confounding


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confounding

 [kon-foun´ding]
interference by a third variable so as to distort the association being studied between two other variables, because of a strong relationship with both of the other variables; a relationship between two causal factors such that their individual contributions can not be separated.

con·found·ing

(kon-fownd'ing),
1. A situation in which the effects of two or more processes are not separated; the distortion of the apparent effect of an exposure on risk, brought about by the association with other factors that can influence the outcome.
2. A relationship between the effects of two or more causal factors observed in a set of data, such that it is not logically possible to separate the contribution of any single causal factor to the observed effects.

con·found·ing

(kŏn-fown'ding)
1. A situation in which the effects of two or more processes are not separated; the distortion of the apparent effect of an exposure on risk, brought about by the association with other factors that can influence the outcome.
2. A relationship between the effects of two or more causal factors observed in a set of data, such that it is not logically possible to separate the contribution of any single causal factor to the observed effects.
References in periodicals archive ?
We argue that a more honest assessment of the IV design is not whether there may be some bias due to confounding, but whether the IV is more biased relative to a study that controls for observed exposure-outcome confounders under the selection on observables assumption.
Epidemiologists examining mixtures must, of course, also consider confounding by variables not considered exposures, including the potential impact of uncontrolled confounding.
Some examples of the postrandomization confounding in CER based on RCTs design we discussed here will help us to propose a viewpoint that the postrandomization confounding could actually impact results of CER.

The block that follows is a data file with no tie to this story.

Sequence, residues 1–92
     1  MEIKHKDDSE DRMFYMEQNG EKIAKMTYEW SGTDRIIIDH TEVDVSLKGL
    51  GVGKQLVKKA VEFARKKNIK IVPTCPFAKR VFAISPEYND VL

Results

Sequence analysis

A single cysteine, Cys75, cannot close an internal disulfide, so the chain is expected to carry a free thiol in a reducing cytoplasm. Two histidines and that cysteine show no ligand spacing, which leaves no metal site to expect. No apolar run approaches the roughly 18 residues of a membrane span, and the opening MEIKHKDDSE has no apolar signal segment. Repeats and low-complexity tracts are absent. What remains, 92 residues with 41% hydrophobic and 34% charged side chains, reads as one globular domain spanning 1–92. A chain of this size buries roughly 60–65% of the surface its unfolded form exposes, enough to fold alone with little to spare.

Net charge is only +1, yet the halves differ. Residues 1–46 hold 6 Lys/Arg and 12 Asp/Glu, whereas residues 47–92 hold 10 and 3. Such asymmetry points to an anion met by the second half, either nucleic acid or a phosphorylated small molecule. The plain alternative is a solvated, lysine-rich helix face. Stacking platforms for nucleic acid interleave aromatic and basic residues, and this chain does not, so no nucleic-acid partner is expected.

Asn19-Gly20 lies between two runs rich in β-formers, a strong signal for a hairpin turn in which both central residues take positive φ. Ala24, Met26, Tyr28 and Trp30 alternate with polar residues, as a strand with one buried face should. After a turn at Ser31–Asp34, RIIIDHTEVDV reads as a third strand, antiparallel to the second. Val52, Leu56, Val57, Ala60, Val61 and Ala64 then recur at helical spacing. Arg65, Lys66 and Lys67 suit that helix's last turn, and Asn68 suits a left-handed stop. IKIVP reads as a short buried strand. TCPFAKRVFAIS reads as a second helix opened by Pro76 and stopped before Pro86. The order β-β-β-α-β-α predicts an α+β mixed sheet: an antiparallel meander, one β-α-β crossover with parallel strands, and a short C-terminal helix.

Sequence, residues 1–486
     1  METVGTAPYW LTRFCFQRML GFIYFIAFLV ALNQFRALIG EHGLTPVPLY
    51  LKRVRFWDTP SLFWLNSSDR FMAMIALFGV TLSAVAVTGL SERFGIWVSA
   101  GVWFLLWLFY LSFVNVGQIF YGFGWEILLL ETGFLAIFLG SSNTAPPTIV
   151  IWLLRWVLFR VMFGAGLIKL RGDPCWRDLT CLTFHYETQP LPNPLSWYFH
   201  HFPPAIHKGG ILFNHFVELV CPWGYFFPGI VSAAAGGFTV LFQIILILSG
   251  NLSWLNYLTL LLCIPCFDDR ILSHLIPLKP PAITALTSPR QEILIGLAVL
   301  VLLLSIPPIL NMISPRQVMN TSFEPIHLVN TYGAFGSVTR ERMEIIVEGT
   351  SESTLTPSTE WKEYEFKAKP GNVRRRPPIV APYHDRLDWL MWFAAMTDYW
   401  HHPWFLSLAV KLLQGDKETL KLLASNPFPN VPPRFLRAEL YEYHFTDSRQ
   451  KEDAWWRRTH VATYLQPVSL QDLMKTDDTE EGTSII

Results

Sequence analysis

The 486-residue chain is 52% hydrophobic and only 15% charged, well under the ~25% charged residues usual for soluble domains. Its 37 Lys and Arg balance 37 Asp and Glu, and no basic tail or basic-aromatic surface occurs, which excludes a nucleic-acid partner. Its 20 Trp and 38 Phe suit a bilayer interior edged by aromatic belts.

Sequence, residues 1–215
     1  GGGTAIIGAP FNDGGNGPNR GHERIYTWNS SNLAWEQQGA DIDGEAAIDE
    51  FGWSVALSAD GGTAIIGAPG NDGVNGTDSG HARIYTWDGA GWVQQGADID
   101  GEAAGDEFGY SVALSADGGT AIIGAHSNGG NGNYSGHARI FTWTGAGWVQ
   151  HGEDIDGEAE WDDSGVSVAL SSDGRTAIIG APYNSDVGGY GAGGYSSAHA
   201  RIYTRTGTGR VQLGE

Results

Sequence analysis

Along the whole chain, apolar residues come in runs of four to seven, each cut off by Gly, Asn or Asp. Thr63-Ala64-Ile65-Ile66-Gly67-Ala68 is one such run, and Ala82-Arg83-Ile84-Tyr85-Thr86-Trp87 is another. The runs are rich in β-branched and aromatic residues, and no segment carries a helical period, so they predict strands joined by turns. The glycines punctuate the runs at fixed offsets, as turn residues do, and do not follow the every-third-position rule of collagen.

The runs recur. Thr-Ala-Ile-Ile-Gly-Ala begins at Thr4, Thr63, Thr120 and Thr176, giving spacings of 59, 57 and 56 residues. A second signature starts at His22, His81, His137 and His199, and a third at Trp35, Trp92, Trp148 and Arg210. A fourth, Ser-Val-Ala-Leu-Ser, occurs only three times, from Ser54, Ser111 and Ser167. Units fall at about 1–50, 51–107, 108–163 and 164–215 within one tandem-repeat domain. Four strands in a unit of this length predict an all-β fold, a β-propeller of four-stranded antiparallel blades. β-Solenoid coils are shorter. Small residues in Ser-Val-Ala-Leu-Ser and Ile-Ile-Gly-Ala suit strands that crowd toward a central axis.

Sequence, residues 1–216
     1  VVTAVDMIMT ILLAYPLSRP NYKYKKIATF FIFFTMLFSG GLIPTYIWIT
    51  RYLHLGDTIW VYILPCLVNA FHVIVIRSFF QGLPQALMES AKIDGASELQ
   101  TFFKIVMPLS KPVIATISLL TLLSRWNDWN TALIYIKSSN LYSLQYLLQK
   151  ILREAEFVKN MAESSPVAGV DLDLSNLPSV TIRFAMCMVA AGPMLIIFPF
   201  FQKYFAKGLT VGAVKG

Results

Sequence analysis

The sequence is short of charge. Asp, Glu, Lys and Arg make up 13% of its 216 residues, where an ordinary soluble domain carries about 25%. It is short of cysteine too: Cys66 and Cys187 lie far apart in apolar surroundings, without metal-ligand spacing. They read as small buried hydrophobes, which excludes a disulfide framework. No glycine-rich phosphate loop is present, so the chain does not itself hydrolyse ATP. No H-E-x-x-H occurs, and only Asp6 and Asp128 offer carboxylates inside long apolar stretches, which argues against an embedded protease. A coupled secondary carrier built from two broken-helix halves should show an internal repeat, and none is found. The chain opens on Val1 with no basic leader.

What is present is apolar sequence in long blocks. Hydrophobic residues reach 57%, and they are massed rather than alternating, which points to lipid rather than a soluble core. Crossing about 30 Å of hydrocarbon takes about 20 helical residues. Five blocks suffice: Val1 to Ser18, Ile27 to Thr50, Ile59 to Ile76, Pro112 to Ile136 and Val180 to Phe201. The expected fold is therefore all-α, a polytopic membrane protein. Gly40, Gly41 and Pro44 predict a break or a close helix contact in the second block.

This is a case of time-modified confounding. Control for C (0) will give a consistent estimate of the C (0)--conditional causal effect of A (0) on B (2), while the effect of A (1) on B (2) can be estimated consistently from the crude (unadjusted) model [Figure 1b].
"However, this does not eliminate the possibility of residual confounding from factors siblings do not share.
Such rhizomatic radicality is not about uprooting our traditions but about exposing them to our confounding togetherness--as species, peoples, genders, sexualities, races, religions, even--Lord help us--our Christianities.
After controlling for confounding factors, patients with a body mass index (BMI) of 25 kg/[m.sup.2] or less had a clinical pregnancy rate of 51% per cycle, compared with a rate of 35% in patients with higher BMIs.
The researchers acknowledge that the relatively high level of health consciousness found among women in the cohort who drank two or more cups a day may help explain the findings, but they add that the robustness of the associations in age-adjusted analyses argues against such confounding.
The flow of money from foreigners living abroad back home to relatives in Mexico continues to grow, confounding the government and analysts alike.
A similar scenario plays out with the confounding Penchant to Drift, an image of a series of painted vertical elements that seem to blossom into three dimensions at both the top of the composition, where they appear to coalesce into a kind of white mesa, and its bottom, where they unravel into a tangle of white and robin's egg blue tape.
In this respect, higher unemployment is not all bad (however confounding it may be to old-line economists).
The ST1 hypothesis not only explains the mechanisms behind the lifestyle risk factors discussed above, namely by confounding with sexual behavior, but also why TB has ceased to be a major cause of death in Western societies.